The Structure of Theory and the Structure of Scientific Revolutions: What Constitutes an Advance in Theory?

The Structure of Theory and the Structure of Scientific Revolutions: What Constitutes an Advance in Theory?

Steven E. Wallis (Institute for Social Innovation, USA)
DOI: 10.4018/978-1-61520-668-1.ch009
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Abstract

From a Kuhnian perspective, a paradigmatic revolution in management science will significantly improve our understanding of the business world and show practitioners (including managers and consultants) how to become much more effective. Without an objective measure of revolution, however, the door is open for spurious claims of revolutionary advance. Such claims cause confusion among scholars and practitioners and reduce the legitimacy of university management programs. Metatheoretical methods, based on insights from systems theory, provide new tools for analyzing the structure of theory. Propositional analysis is one such method that may be applied to objectively quantify the formal robustness of management theory. In this chapter, I use propositional analysis to analyze different versions of a theory as it evolves across 1,500 years of history. This analysis shows how the increasing robustness of theory anticipates the arrival of revolution and suggests an innovative and effective way for scholars and practitioners to develop and evaluate theories of management.
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Introduction

As scholars, we seek to improve our understanding of management practices. An important part of this process is how we advance our theories. While an advance in understanding might be understood as relating to individual perception, advances in theory relate to the development of formal structures that are communicable, testable, and useable across our discipline. The question of what actually constitutes an advance in theory is still open, and new answers to that question are only now emerging. For example, it has been claimed that a theory of greater complexity should be considered as one that is more advanced (Ross & Glock-Grueneich, 2008). Another approach claims that improved theories are those that combine multiple theoretical lenses (Edwards & Volkmann, 2008). Still another approach suggests that theories of greater structure may be considered more advanced (Wallis, 2008b).

For scholars outside this growing metatheoretical conversation, the standard method for advancing a theory is to determine if that theory works in practice. However, each theorist seems to claim that his or her theory is best, so this is not a very useful measure. Investigating the Faust-Meehl Strong Hypothesis for Cliometric Metatheoretical investigations, Meehl notes that many authors claim their theories are good because they are parsimonious. However, Meehl (2002, p. 345) notes, this claim is misused, and represents a weak claim for successful theory.

Popper (2002) suggests that the best theories are those that are falsified. Yet, this level of testing seems to represent too high a hurdle for social scientists (Wallis, 2008d). Few theorists even attempt to falsify their own theories, or encourage others to do so. Some authors, in claiming that they have developed an advanced theory, invoke the spirit of Thomas Kuhn and his description and discussion of paradigmatic revolution.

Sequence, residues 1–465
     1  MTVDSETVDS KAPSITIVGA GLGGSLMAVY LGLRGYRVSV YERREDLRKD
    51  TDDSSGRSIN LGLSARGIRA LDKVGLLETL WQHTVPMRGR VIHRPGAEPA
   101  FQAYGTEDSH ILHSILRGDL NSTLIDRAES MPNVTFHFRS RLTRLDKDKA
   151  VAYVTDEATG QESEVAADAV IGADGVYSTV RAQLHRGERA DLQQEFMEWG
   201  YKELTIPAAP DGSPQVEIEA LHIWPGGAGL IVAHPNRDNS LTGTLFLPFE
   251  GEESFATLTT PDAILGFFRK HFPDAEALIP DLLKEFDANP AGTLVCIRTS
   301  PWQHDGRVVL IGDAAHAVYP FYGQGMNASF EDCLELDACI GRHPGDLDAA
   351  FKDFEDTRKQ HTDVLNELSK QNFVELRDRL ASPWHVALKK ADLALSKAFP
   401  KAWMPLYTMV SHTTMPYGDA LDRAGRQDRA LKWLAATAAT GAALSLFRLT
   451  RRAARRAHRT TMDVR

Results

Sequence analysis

Drawing on centuries of hindsight, Kuhn (1970) developed the idea of scientific paradigms; each of which includes laws, theories, application and instruments which combine to support “coherent traditions of scientific research” (Kuhn, 1970, p. 10). A paradigmatic revolution is said to occur when the traditions of a science change in significant ways. For example, moving from the Ptolemaic view of the solar system (where the Earth is at the center, surrounded by nested crystal spheres on which are embedded stars, planets, etc.) to a Copernican view where the sun is at the center. Revolutions also result in major improvements to the effectiveness of practitioners. With modern physics, it is possible to have communication satellites, while under the Ptolemaic paradigm, no such achievement would be possible.

Some authors in the field of management claim that their theories are not only effective and useful, but have achieved the status of paradigmatic revolution – ushering in a new age of management, presumably as great as the shift in thinking between Ptolemy and Copernicus. For example, after the development of Total Quality Management (TQM) by Ishikawa, a Kuhnian revolution was claimed. It was argued of TQM that, “All of these characteristics and underlying philosophies point to fundamental changes in the rules of business--a paradigm shift” (Amsden, Ferratt, & Amsden, 1996). While some authors claim revolution, others lend legitimacy to such claims. For example, Clarke & Clegg (2000, p. 45) refer to a proliferation of paradigms and describe over twenty publications that claim significant paradigmatic changes. They closely investigate some claims of paradigmatic revolution including, “Transition From Industrial To Information Age Organization.” On the other hand, some authors are content to strongly imply a revolution, as would be found in a shift toward more spiritual management practices (Steingard, 2005). Still others do not make such claims, but explicitly seek revolution in their field (e.g. Stapleton & Murphy, 2003).

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